|Reproducible Research and Data Analysis||
Reproducible research is at the heart of science. There has been an increased need and willingness to open and share research from the data collection right through to the interpretations of results. This has come with its own set of challenges, which include designing workflows that can be adopted by collaborators in a way that does not compromise the integrity of their contribution. This module will introduce the necessary tools required for transparent reporting which is reproducible and readable.
|Open Research Software and Open Source||
Software and technology underpin modern science. There is an increasing demand for more sophisticated open source software, matched by an increasing willingness for researchers to openly collaborate on new tools. These developments come with a specific ethical, legal and economic challenges that impact upon research workflows. This module will introduce the necessary tools required for transforming software into something that can be openly accessed and re-used by others.
|Open Research Data||
Open research data refers to the publishing the data underpinning scientific research results so that they have no restrictions on their access. Openly sharing data opens it up to inspection and re-use, forms the basis for research verification and reproducibility, and opens up a path to broader collaboration. In this module, you will gain insight into the importance of data sharing for reproducible research and how to curate and share your own research data.
|Managing Evidence: A CAEL Module||
In this era of evidence-driven reform, school leaders must learn to harness an array of data to drive improvement. In this module, you will explore key concepts in performance measurement, research design, and data analysis (qualitative and quantitative) to understand what can be gleaned from different sources. With your cohort, you will discuss the data you have available and learn how to draw on multiple forms of evidence to make more informed policy and programmatic decisions.
This Train-the-Trainers (TTT) package forms an addition to the CESSDA Data Management Expert Guide which was developed by the CESSDA Training Working Group in 2017 and 2018.
This package contains different materials that trainers can use in developing and giving Research Data Management and Discovery trainings for (social science) researchers.
Materials for instance include workshop outlines, slides and exercises that can be reused and adapted by local RDM trainers. The package contains five different types of materials: Workshop Outlines, Exercises, Presentations, Documents and Handouts, and Images. A full overview of all materials in this TTT Package is giving below.
|Open Science: Sharing Your Research with the World||
Explore ways to apply Open Science principles to academic work - including your own. Learn how to share your research effectively and responsibly, building greater visibility and impact.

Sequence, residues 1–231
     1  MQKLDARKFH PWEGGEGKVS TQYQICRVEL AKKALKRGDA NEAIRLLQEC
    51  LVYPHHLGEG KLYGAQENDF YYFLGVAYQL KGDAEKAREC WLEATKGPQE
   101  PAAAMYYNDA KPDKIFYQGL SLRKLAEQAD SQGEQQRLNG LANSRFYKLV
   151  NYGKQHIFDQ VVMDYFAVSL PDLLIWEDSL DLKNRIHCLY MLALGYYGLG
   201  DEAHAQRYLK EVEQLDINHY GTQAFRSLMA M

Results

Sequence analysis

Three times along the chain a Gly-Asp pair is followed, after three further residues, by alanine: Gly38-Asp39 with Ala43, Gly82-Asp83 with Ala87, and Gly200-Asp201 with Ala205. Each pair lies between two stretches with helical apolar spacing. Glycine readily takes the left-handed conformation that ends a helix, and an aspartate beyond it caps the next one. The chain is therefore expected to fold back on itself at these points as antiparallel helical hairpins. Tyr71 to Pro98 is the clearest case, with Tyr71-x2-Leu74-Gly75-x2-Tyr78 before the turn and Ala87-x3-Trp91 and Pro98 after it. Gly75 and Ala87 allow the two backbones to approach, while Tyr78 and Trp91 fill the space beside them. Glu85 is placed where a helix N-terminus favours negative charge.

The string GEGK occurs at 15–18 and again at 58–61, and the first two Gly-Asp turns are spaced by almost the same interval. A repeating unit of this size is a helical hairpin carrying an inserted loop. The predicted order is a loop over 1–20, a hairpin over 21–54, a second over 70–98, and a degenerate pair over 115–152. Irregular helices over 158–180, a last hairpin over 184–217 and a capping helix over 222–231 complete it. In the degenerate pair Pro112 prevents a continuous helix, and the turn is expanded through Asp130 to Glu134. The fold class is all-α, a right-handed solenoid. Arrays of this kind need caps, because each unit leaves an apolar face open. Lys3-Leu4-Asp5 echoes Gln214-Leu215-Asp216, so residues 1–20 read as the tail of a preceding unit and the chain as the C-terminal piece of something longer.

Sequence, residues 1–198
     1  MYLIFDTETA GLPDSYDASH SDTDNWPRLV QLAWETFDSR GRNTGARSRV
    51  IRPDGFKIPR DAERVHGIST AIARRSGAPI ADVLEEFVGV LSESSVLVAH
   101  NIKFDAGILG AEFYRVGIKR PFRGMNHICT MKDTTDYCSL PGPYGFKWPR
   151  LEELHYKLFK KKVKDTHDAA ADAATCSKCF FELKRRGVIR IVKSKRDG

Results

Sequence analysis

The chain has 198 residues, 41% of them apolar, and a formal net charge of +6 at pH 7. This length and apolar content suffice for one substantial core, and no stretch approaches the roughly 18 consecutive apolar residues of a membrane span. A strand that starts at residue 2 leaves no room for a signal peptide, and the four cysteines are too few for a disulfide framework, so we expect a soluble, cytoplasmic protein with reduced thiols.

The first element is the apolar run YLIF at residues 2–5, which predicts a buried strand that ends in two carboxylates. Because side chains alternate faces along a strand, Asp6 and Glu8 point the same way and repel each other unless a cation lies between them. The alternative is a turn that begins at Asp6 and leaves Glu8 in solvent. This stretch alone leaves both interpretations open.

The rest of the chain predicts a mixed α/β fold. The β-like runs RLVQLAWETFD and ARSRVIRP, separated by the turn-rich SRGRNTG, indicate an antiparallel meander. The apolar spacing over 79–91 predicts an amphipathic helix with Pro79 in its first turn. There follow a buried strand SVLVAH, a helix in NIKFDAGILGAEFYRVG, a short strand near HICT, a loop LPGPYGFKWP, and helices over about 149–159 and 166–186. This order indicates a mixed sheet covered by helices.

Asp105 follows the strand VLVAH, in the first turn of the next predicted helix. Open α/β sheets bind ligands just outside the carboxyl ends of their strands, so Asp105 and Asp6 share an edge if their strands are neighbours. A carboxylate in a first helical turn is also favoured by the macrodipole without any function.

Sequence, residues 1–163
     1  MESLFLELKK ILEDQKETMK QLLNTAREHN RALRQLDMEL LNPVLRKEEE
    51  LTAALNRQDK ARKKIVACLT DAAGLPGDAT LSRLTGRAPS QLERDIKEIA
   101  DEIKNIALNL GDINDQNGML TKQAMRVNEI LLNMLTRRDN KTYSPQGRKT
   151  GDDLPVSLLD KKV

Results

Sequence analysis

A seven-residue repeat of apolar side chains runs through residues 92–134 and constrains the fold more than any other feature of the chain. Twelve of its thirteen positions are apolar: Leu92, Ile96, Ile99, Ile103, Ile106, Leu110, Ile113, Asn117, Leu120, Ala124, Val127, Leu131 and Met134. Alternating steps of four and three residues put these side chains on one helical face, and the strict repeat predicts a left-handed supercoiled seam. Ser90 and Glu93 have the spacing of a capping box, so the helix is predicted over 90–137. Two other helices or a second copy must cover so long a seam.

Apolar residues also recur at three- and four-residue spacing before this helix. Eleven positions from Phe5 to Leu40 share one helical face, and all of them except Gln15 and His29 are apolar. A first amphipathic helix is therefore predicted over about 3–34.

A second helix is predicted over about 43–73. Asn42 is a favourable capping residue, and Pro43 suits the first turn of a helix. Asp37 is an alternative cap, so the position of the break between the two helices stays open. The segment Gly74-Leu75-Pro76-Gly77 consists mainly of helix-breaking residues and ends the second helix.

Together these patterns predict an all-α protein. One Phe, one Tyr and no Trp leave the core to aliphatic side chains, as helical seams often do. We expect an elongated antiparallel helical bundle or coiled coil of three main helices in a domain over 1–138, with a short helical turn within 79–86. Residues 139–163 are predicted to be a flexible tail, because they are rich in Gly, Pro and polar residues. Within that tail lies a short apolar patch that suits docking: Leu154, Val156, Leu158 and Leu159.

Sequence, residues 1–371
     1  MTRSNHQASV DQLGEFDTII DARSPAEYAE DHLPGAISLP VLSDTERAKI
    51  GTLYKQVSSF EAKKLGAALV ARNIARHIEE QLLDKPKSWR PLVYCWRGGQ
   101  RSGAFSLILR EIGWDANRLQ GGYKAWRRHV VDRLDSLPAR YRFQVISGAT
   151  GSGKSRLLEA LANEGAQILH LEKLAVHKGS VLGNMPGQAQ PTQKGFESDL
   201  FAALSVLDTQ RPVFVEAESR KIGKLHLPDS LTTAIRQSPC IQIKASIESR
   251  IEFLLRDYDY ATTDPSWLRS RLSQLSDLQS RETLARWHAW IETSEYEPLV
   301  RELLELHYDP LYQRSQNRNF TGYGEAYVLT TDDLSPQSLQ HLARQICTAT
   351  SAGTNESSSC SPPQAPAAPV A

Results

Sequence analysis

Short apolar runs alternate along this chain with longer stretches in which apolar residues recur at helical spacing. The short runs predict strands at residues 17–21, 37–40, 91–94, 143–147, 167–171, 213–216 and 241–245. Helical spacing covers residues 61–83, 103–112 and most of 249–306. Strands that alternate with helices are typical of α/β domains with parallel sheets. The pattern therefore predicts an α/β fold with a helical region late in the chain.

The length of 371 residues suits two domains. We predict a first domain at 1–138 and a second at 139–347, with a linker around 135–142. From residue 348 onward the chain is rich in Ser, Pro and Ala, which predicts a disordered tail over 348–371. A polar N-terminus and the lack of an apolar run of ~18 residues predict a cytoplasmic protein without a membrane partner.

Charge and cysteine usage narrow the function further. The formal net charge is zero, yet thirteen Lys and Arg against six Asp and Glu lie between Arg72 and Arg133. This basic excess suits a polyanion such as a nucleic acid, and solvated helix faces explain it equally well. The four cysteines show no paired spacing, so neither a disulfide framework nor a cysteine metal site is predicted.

Geneva Center for Security Center Governance (DCAF) is dedicated to making states and people safer, within a framework of democratic governance, the rule of law and respect for human rights. Since 2000, the Centre has facilitated, driven and shaped security sector reform (SSR) policy and programming around the world.
DCAF creates innovative knowledge products, promotes norms and good practices, and provides legal and policy advice. DCAF supports capacity building of state, civil society and private sector stakeholders by providing access to independent expertise and information on Security Sector Governance and Reform (SSG/R).
DCAF's publications include a number of toolkits for trainers, training tips, and training modules on security issues.
Research is getting a global makeover, in part thanks to the power of the internet and the tools it provides for us, and in part due to a growing call for accountability (e.g., reproducibility and data provenance) in research. Global policies are emerging at different levels that include some aspect of Open Research, Open Scholarship, or Open Science, and inclusive of all research disciplines. But our universities are often letting us down, and they are not teaching us the knowledge, tools and skills we need to do research effectively in the 21st century.
“Open Science” has many interpretations, but at its core it is about increased rigour, accountability, and reproducibility for research. For us, it is based on the principles of inclusion, fairness, equity, and sharing. Open Science can be viewed as research simply done properly, and it extends across the Life and Physical Sciences, Engineering, and Mathematics, to Social Science and Humanities.
This MOOC is designed to help equip students and researchers with the skills they need to excel in a modern research environment. It brings together the efforts and resources of hundreds of researchers and practitioners who have all dedicated their time and experience to create a community to help propel research forward.
|RDNL/DCC/University of Edinburgh||
Collaboratively developed MOOC by RDNL, DCC and the University of Edinburgh, published on FutureLearn
MOOC on delivering RDM services
MOOC, offering diverse online teaching including single courses, specializations, professional certificates, mastertrack certificates and online degrees.
It offers an array of syllabuses on "Data Science".